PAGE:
And then there are some people who embrace Hindu practice that eschew any religious stamp because they just don’t like religion. Many were brought up in homes that practiced a rather severe expression of Christianity. Some will even refrain from using “God” in conversation, as visions of Chief-Punisher-In-The-Sky might retard spiritual and emotional growth. So, for this group, having an affiliation with a society that teaches from an eastern oriented position is all they need

And we cannot minimize the strong anti-Hindu bias that seems to be pervasive today. Many people might want to keep a distance due to fear that they will be labeled Fascist or Extremist This meme is certainly making the rounds currently on may college campuses.


Of course, since the world’s religions are one, why not embrace them all? This is a form of what is called radical universalism. I’ve actually heard people say that they are Christian-Hindu- Buddhist-Jewish- Muslim+. One is tempted to ask such a person, ”Do you fast during Lent, Ramadan, Yom Kippur and Ekadasi? And are you planning a pilgrimage to Jerusalem, Mecca and Varanasi?’ It is true that those who practice the more mystical expressions of the Abrahamic religions see an underlying unity among all traditions, but even they tend to focus on the rituals and practices of their own heritage.

I recall a lecture given by a swami who headed a sangha (religious sect) who avoided using “Hindu” when describing his path. His Italian devotees connected with a group of Catholics, and together they meditated, chanted and enjoyed fellowship. The local bishop called the swami in to express his displeasure at this situation. While engaging in interfaith hospitality was fine enough, this seemed to be growing into something more. At one point in his lecture he expressed frustration and said that the bishop “got me to admit we were Hindu.” Given that the bishop was addressing a renunciant who was a member of an ancient Hindu monastic order, one suspects it wasn’t a difficult concession to elicit.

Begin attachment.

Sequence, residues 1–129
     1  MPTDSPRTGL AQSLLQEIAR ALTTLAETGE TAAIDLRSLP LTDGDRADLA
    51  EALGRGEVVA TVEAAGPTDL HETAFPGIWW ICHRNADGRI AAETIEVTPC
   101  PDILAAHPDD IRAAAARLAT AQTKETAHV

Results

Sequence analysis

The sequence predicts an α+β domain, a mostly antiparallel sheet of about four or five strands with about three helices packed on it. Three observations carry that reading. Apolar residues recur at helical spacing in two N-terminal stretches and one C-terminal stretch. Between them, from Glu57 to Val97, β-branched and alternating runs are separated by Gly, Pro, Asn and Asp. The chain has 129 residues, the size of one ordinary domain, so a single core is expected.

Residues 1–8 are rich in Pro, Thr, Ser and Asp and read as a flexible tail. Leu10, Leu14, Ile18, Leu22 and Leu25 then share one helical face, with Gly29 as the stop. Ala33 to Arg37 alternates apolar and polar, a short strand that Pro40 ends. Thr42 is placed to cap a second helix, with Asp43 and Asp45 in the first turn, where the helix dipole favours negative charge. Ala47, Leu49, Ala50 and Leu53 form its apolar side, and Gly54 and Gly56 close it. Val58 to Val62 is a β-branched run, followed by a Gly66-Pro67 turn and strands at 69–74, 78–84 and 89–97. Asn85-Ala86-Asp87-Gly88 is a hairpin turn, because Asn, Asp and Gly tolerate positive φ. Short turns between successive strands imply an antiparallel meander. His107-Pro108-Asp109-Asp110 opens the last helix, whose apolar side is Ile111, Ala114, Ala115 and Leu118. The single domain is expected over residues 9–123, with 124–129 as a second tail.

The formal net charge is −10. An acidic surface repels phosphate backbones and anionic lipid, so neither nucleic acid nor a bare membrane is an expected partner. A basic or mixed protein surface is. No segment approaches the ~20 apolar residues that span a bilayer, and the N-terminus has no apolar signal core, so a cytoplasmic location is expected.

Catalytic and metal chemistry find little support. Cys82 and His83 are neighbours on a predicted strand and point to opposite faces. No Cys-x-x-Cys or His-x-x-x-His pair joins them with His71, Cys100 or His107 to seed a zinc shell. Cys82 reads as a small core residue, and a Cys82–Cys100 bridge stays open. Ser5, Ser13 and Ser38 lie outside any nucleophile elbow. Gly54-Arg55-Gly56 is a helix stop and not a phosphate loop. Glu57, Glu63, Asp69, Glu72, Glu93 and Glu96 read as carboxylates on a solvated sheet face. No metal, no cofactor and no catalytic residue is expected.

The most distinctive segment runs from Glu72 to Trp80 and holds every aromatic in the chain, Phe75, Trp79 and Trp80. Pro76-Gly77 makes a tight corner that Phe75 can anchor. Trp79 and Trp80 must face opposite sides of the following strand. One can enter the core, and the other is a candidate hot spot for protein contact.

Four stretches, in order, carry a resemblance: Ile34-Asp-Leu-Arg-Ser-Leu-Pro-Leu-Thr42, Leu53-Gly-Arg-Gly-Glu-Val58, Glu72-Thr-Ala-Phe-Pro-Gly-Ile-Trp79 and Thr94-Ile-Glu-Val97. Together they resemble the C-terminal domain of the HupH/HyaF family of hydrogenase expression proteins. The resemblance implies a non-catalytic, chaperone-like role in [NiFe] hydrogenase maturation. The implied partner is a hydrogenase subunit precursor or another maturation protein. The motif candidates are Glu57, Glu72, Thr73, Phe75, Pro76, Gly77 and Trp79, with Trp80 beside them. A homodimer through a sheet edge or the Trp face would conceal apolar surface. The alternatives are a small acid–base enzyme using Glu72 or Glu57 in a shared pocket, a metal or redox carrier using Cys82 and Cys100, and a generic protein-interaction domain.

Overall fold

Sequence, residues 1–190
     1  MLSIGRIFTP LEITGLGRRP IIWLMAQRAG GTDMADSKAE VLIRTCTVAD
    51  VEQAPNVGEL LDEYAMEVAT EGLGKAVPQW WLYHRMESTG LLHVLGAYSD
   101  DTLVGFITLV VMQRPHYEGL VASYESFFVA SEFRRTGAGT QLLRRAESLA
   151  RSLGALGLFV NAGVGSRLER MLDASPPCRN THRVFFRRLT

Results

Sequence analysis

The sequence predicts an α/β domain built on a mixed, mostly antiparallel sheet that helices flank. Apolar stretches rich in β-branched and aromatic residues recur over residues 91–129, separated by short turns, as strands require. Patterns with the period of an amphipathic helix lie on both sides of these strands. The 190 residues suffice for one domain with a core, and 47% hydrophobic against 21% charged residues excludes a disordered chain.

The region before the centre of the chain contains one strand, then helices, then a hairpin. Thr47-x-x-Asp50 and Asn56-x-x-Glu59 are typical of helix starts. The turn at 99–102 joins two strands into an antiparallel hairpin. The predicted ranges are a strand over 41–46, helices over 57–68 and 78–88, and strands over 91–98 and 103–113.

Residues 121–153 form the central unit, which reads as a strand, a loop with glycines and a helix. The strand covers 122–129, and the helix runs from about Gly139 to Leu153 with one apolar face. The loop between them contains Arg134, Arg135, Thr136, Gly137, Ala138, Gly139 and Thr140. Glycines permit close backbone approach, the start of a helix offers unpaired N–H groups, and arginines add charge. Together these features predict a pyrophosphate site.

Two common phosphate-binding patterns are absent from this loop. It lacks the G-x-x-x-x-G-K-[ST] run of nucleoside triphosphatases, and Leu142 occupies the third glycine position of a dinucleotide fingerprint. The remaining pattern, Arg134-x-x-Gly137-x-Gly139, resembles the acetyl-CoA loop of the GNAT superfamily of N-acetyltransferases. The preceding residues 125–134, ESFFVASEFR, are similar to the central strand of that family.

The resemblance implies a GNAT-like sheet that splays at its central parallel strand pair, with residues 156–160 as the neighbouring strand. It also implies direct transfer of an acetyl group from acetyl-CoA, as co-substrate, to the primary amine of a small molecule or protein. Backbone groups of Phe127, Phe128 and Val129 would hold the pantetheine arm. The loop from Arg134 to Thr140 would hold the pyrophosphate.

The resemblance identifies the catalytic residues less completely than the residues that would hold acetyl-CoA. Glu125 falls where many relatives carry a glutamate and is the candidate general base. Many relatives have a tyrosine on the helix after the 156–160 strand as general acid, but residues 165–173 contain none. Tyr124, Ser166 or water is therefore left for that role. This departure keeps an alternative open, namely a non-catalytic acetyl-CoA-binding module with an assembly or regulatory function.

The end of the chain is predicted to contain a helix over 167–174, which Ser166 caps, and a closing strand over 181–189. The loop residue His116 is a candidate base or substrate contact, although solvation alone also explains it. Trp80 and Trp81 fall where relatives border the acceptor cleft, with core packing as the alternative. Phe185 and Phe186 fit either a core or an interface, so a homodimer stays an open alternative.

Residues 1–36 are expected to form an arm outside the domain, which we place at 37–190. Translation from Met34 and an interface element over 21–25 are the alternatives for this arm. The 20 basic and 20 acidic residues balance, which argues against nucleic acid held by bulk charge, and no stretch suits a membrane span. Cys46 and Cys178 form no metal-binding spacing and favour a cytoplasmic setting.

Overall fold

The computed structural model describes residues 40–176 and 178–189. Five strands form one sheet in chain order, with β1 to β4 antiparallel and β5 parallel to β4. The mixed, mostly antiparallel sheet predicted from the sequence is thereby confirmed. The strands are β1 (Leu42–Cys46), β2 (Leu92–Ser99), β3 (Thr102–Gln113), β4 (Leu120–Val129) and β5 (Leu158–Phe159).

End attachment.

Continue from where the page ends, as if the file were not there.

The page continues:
Another reason for people to be hesitant about identifying as Hindu is that they have a very narrow understanding of what that means. Often, it is assumed that to be Hindu one must engage in temple deity worship. While many are attracted to kirtan, the Gita, gurus, etc., only a relative few as also temple members. But this is incorrect. Down through the ages, there have been plenty of deeply devout cradle-to-cremation Hindus who have found Ishwara/Bhagavan/Brahman beyond temple walls.

In recent decades, traditional Hindus are now encouraging the term Sanatana Dharma to describe what we do and believe. This, as Hindu theologians say, is really the original name for Hinduism. Meaning “eternal way”. It seems to capture a certain essence of the tradition that resonates with many adherents. I haven’t seen any movement to fully replace Hindu with Sanatana Dharma, but many believe that we should use it to some degree. And because even though it is Sanskrit, and from India, it may seem less ethnically attached than Hindu, since it avoids identification with a specific place. Several gurus who have come to the West preferred using Sanatana Dharma to describe their teachings. And so, many Westerners have acknowledged themselves as Dharmis.

As I said in the beginning, I do not seek lay a guilt trip on anyone who chooses to engage with the great wisdom and practices of the Dharma without fully embracing our community. Hinduism is very generous in sharing with the world without requiring any sort of formal membership. But those of us who are practicing Hindus should encourage those whom I’ve described to know how welcome they are in our fold.

And really, we can always use the help.